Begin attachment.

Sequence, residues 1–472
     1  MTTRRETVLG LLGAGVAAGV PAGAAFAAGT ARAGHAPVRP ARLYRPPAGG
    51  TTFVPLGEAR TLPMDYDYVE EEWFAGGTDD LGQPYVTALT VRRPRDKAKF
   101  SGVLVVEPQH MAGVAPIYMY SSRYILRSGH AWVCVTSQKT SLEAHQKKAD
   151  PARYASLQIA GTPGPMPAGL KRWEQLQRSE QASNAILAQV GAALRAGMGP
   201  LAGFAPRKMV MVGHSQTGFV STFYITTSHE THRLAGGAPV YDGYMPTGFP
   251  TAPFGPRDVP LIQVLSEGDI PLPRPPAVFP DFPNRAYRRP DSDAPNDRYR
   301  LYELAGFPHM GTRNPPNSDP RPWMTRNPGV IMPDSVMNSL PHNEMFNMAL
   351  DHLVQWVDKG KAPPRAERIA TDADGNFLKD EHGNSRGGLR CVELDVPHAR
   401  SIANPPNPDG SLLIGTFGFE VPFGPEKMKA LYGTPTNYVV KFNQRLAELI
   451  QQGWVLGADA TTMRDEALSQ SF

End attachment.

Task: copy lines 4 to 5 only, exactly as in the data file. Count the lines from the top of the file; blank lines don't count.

   101  SGVLVVEPQH MAGVAPIYMY SSRYILRSGH AWVCVTSQKT SLEAHQKKAD
   151  PARYASLQIA GTPGPMPAGL KRWEQLQRSE QASNAILAQV GAALRAGMGP